Questions surround prison death of Iranian-Canadian environmentalist

Kavous Seyed Emami at an unidentified location. (AFP/file)
Updated 11 February 2018

Questions surround prison death of Iranian-Canadian environmentalist

TEHRAN: Questions surrounded the death of a prominent Iranian-Canadian environmentalist on Sunday after authorities claimed he committed suicide in prison a fortnight after his arrest.
Iran’s academic community was in shock over the death of Kavous Seyed Emami, 63, one of the country’s most revered professors and head of the Persian Wildlife Heritage Foundation.
He was arrested along with seven colleagues from the wildlife NGO on Jan. 24, and his death was announced by the family on social media late on Saturday.
“The news of my father’s passing is impossible to fathom,” wrote his son Ramin Seyed Emami, a well-known singer, on his Instagram page.
He said police had informed his mother on Friday.
“They say he committed suicide. I still can’t believe this.”
The Iran Sociology Association, of which Emami was an active member, released a statement on Sunday questioning the claim that Emami took his own life.
“The information published about him is not believable and we expect officials to respond and to provide the public with information concerning his death,” the statement said.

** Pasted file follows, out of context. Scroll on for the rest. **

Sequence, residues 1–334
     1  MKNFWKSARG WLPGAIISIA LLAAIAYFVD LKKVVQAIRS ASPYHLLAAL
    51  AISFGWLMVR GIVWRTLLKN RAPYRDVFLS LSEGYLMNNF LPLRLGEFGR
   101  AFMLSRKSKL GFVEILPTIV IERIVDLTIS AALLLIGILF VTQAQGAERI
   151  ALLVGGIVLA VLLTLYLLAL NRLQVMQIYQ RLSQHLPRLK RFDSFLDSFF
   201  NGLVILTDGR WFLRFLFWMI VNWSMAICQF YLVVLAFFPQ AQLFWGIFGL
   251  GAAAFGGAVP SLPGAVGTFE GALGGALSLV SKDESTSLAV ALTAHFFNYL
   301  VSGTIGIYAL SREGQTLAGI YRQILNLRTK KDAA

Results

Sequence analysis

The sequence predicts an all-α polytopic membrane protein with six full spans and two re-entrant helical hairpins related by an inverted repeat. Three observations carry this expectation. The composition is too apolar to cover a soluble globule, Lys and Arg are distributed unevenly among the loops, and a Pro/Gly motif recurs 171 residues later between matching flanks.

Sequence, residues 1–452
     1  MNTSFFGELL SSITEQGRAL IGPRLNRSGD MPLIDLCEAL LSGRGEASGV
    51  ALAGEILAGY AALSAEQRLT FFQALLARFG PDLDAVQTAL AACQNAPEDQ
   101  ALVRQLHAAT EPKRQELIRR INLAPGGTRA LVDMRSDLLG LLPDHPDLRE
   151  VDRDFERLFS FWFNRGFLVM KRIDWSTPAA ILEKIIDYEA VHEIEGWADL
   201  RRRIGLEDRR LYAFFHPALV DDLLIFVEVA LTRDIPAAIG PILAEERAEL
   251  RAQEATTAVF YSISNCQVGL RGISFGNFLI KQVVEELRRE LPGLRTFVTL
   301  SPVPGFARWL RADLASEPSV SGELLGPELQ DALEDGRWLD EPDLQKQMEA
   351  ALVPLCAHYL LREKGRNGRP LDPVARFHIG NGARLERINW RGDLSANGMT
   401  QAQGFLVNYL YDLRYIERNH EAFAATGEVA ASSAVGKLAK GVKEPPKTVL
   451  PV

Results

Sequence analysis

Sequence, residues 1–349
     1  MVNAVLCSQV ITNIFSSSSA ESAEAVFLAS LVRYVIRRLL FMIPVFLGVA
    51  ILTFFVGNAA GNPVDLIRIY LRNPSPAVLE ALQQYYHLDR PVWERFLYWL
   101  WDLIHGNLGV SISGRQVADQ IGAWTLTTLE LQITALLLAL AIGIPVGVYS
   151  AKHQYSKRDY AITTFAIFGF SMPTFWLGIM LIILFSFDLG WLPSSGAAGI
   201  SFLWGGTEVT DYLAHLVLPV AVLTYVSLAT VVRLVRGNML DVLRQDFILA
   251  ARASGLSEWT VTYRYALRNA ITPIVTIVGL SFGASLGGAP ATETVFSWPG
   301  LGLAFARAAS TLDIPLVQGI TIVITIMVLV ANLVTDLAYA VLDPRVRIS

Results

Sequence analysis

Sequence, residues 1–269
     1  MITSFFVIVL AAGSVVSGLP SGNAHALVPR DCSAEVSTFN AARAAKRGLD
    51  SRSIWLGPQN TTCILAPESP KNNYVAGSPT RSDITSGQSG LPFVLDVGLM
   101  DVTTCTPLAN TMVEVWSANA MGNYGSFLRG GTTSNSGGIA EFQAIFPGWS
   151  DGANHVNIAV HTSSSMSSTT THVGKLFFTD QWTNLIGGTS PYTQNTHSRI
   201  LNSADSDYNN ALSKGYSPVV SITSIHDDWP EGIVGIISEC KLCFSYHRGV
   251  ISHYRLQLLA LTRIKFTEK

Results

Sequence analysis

A source close to the Persian Wildlife Heritage Foundation told AFP that the other seven were still in jail.
Among them is Hooman Jokar, who headed a program to save the endangered Asiatic cheetah.
Morad Tahbaz, an Iranian-American businessman who was a member of the Persian Wildlife Heritage Foundation board, is also in detention.
In November, the conservative-linked Tasnim news agency accused Tahbaz of being a big-game hunter who was trying to seize control of national park land in northern Iran.
Tahbaz comes from a wealthy family who made their fortune before the 1979 revolution and once owned the renowned Kayhan newspaper, which is now controlled by the government authorities.
Emami’s death follows reports of at least two other “suicides” in detention that were linked to the weeklong protests in late December and early January.
Mahmoud Sadeghi, an outspoken lawmaker, had claimed a 23-year-old protester named Sina Ghanbari died in Tehran’s notorious Evin Prison.
The judiciary denied the claim, saying Ghanbari was involved in drug trafficking and had committed suicide.
Another man died after being arrested in the city of Arak in central Iran. Local officials said he had stabbed himself to death.
Tehran’s chief prosecutor Abbas Jafari Dolatabadi had said on Saturday that several people linked to environmental causes had been arrested on espionage charges, without giving names.
“These people collected classified information in strategic sectors of the country in the name of scientific and environmental projects,” he said, according to the judiciary-linked Mizan Online news agency.
It was not clear if he was referring to Emami and his colleagues.
“Everyone is in shock,” an academic who knew Emami well told AFP on condition of anonymity.
“He was one of the best professors. He was very profound, very composed, not at all political. He loved Iran and the environment.
“He came back recently from Canada where he was doing research. On his return, he was called in several times” by the authorities.
Emami had taught at the Imam Sadegh University, where many of the regime’s leading figures were educated including nuclear negotiator Said Jalili.